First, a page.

IBM purchases Israeli cybersecurity company
IBM announced its purchase of Trusteer, a company that helps protect organizations against security breaches.
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As part of the transaction, IBM is opening a software lab in Israel that will focus on mitigating security threats in software. The lab will bring in more than 200 Trusteer and IBM researchers and developers, according to IBM’s press release.
IBM did not disclose how much Trusteer cost, but Israeli financial newspaper Calcalist puts the cost at more than $800 million, according to Tech Crunch.
“The way organizations protect data is quickly evolving,” says Trusteer’s chief executive officer Mickey Boodaei in IBM’s press release. “Trusteer has helped.”
Seven of the top 10 US banks currently use Trusteer software to secure accounts against fraud and cyberattacks.
This Thursday statement comes the day after IBM announced its cloud-computing contract deal with the US Department of the Interior, which will be able to tap into IBM’s Smart Cloud for government, hosted at the IBM Federal Data Center. The deal was valued at $1 billion, and provided IBM with a confidence boost after it lost a $600 million contract to build a private cloud for the CIA to Amazon.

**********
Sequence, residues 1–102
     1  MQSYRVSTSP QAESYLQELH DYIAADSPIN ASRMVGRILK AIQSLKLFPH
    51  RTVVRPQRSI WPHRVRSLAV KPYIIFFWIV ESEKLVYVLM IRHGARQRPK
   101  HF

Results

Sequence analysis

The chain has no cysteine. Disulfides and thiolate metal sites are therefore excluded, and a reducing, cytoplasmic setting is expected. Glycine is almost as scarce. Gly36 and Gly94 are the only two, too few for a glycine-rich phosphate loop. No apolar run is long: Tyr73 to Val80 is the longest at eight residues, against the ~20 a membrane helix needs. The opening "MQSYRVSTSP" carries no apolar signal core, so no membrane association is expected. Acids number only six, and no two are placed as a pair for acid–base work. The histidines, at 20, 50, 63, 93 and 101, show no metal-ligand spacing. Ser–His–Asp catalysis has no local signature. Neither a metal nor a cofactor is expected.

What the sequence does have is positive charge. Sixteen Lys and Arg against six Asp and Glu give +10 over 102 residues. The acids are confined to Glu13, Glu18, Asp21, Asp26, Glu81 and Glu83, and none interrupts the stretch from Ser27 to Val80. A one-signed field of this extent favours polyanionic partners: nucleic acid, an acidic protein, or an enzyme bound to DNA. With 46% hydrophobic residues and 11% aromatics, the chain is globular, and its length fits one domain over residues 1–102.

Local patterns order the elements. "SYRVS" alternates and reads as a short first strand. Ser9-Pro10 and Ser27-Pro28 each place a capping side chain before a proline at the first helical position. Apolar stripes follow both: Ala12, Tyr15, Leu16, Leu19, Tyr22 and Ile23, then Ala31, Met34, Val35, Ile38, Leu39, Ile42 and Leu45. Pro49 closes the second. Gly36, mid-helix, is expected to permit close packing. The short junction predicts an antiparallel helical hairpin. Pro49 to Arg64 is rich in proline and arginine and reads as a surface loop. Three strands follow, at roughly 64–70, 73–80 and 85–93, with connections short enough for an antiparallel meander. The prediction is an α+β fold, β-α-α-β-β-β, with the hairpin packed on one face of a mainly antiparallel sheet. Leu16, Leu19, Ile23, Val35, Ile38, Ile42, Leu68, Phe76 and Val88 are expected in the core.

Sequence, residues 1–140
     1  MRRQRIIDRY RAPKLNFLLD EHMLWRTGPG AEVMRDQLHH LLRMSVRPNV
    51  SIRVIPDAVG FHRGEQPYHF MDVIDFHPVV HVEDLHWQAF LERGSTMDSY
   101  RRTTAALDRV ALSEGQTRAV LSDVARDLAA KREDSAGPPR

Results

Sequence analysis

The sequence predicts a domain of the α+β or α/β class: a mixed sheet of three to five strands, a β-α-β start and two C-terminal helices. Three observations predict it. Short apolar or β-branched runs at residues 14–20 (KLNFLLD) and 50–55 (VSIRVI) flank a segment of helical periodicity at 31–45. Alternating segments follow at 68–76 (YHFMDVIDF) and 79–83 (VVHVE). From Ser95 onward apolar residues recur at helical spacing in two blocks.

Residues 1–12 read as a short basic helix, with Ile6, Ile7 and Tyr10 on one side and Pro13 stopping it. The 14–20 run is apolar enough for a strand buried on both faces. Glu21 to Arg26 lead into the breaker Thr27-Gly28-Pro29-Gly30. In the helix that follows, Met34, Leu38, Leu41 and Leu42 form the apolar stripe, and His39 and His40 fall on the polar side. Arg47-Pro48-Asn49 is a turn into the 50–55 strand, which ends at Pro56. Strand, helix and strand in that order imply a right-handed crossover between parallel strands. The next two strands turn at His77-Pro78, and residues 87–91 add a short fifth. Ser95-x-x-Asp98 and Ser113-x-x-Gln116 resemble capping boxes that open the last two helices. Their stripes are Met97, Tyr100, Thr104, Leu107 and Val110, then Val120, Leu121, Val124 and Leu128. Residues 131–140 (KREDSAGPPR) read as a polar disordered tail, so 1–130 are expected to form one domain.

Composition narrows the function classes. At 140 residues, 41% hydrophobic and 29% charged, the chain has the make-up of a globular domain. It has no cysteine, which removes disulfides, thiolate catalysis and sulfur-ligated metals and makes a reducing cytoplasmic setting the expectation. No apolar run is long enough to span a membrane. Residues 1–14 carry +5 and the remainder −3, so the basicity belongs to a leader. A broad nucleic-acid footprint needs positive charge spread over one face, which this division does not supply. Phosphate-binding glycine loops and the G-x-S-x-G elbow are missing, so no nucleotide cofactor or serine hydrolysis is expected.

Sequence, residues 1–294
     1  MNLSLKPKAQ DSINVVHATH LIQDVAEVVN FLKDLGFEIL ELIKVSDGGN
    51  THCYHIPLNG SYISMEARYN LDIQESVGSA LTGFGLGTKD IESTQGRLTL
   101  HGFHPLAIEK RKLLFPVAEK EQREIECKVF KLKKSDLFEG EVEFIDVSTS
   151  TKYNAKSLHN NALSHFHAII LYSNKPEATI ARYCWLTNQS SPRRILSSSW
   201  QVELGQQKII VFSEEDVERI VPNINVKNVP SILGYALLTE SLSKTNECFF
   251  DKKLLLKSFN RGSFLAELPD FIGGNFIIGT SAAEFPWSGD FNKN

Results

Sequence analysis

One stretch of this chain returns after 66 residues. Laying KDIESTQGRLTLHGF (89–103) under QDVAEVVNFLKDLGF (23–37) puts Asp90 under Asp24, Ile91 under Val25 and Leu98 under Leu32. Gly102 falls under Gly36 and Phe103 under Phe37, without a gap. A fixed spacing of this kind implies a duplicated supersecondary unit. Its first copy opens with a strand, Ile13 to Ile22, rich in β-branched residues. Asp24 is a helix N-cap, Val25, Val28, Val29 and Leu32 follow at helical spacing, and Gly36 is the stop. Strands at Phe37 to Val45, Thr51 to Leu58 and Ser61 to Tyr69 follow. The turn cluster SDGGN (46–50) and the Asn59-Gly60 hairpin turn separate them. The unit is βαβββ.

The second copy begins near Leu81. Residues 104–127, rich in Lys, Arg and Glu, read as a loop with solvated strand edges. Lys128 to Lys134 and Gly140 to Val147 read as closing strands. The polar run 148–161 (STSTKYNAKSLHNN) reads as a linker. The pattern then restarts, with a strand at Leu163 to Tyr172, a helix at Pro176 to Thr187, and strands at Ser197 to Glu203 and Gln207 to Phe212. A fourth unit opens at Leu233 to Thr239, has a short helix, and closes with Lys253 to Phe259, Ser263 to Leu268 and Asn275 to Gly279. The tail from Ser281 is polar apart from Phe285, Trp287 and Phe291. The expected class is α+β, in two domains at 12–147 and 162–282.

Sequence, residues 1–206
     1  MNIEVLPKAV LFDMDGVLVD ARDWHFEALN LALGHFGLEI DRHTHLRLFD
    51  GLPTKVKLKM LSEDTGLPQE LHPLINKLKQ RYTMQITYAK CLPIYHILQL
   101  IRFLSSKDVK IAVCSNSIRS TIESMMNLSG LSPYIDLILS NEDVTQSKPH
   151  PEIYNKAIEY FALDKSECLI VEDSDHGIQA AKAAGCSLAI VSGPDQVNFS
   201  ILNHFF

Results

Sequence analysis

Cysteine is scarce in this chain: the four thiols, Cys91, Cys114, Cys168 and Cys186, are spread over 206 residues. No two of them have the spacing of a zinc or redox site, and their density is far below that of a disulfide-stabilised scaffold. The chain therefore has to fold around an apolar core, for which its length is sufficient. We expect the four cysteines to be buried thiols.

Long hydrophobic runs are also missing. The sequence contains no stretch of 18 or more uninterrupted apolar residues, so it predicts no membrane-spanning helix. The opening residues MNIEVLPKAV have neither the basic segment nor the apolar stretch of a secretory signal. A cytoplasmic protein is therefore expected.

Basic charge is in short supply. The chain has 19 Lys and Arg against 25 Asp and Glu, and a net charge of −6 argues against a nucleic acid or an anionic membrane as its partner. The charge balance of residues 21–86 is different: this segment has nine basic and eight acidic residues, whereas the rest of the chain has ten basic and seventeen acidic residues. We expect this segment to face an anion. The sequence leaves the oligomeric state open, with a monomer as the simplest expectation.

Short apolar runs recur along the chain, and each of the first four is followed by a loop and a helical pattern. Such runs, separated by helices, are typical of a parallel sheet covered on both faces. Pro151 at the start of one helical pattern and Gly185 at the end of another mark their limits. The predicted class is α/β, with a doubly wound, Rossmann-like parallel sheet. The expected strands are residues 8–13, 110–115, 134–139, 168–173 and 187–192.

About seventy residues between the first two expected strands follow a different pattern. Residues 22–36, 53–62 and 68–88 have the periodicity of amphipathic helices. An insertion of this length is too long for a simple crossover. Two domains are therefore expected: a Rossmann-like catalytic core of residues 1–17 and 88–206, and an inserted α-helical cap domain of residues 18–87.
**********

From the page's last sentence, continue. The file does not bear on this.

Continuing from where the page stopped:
Cloud storage systems have come under increased scrutiny after the National Security Agency (NSA) leaks, which raised concerns that the federal government has access to the troves of information stored on cloud services.
A report from the Information Technology and Innovation Foundation estimated that the US government’s surveillance program will impede the growth of investment in US cloud computing providers. US cloud companies stand to lose $22 billion to $35 billion over the next three years as a result of recent revelations about the NSA’s electronic surveillance program, according to the report.